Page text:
Are you looking for an elegant yet functional method to monitor your indoor climate? Or do you need a gift idea for the weather lover in your life? A Galileo thermometer is a great conversation piece and matches just about any decor. Based on nearly 400-year-old concepts of physics, this decorative weather instrument actually works.
But despite its name, the Galileo thermometer was not invented by the great Italian physicist Galileo Galilei. However, he did discover the concept that the density of liquid changes as its temperature changes, which is how this thermometer works. For more on how they work and how to use them, read on.
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What Is a Galileo Thermometer?
Galileo's work inspired scientists and researchers at the Accademia del Cimento of Florence to create the Galileo thermometer in the mid-1600s. One of the researchers on the team, Torricelli, had worked with Galileo on his research surrounding the thermometer's operation.
The overall design of these thermometers has not changed much in the 400 or so years since. A sizeable cylindrical tube is filled with a liquid, most commonly ethanol. Water is never used because liquids like ethanol show a more significant change in density as its temperature changes, making the thermometer more sensitive (and therefore more accurate).
Inside, glass spheres are filled with liquid, and they have a calibrated medallion hanging from the bottom, showing a specific temperature. While each sphere has a different colored liquid, neither the color nor the type of fluid is essential. What's important is how they rise and fall based on the ethanol fluid's density at any given time.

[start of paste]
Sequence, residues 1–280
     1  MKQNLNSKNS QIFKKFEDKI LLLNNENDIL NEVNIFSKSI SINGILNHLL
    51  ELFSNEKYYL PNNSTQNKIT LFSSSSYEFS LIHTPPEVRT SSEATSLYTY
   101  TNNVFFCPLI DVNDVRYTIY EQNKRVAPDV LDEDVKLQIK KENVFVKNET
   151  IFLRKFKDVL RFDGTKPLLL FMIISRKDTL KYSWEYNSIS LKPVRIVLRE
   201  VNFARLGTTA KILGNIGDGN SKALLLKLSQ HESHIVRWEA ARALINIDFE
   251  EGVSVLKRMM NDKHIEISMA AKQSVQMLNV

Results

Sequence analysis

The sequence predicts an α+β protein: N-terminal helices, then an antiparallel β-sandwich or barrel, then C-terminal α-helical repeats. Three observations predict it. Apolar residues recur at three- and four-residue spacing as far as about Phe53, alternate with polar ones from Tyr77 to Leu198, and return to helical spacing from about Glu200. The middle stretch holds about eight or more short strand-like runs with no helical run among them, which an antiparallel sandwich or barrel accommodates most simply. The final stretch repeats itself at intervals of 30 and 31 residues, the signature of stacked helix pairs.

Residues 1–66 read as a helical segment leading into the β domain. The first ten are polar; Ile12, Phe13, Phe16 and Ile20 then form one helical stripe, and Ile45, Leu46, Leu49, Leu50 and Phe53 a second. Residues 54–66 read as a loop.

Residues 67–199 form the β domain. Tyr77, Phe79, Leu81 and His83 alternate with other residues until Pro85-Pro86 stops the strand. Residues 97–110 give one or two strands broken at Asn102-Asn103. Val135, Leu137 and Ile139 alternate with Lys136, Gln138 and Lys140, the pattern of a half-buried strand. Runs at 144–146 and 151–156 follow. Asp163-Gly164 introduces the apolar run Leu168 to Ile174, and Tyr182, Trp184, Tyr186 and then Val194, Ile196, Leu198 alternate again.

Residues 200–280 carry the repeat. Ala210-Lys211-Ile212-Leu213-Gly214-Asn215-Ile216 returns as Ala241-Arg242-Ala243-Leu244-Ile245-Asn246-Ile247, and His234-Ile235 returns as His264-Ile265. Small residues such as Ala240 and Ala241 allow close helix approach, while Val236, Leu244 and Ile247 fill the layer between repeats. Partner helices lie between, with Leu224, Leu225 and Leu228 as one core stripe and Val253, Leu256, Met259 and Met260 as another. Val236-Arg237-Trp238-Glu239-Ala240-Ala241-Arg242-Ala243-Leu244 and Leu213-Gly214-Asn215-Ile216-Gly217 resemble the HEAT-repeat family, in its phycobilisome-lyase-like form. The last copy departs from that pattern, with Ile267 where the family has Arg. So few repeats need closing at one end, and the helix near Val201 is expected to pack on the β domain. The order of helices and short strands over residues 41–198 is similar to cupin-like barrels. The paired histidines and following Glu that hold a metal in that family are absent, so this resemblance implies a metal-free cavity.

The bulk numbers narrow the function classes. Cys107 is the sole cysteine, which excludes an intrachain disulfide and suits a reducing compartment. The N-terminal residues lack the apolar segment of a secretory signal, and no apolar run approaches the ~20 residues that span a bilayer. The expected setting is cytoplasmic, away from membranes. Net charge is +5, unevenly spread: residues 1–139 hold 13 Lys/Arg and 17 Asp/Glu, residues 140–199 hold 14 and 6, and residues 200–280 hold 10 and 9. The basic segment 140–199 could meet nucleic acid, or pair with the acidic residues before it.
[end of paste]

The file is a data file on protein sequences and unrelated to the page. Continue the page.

Each of those metal tags showing the temperature also plays an important part. Each glass bubble has a metal tag with a unique weight, allowing it to float or sink when the liquid's density inside the thermometer changes based on the ambient temperature.
How Does a Galileo Thermometer Work?
While we've already described how the Galileo thermometer works above, let's explain the physics behind it in a little more detail. As we've noted previously, the thermometer's key component is the ethanol fluid, which changes in density as it is heated and cooled.
The ethanol obtains its heat through the ambient air on the outside of the glass cylinder. It is quite sensitive to temperature changes. It will expand and contract based on movements in temperature. As the air temperature cools, the liquid contracts and the density increases. If the air temperature heats up, the liquid expands, and its density decreases. The spheres with a lower density than the liquid will float to the top, while those with a higher density will sink. Basically, the spheres will rise when the temperature is cold and sink when it's hot.
We should mention that the density of the glass bubbles themselves are all the same. Instead, it's the medallion counterweights hanging below that are slightly different in weight on each sphere. Each medallion or tag is calibrated to the density required to float in the ethanol liquid at a specific temperature. In most Galileo thermometers, this is either every two or four degrees of temperature.
We recommend watching the video below for a much more in-depth explanation of the science behind these thermometers. This video also does a great job explaining the physics concept of buoyancy, which is how the thermometer works. The buoyancy principle states that objects with a greater density than their surroundings sink and objects with a lesser density than their surroundings will float.
How to Read a Galileo Thermometer
Reading a Galileo thermometer is quite simple. As the temperature changes, spheres will rise and fall within the glass tube. You will typically find a group of bulbs floating at the top, and another group sunk to the bottom. In between, there will likely be a bulb that is hovering by itself in the gap. Read the temperature on the medallion of the bulb floating in the middle. That is the current temperature.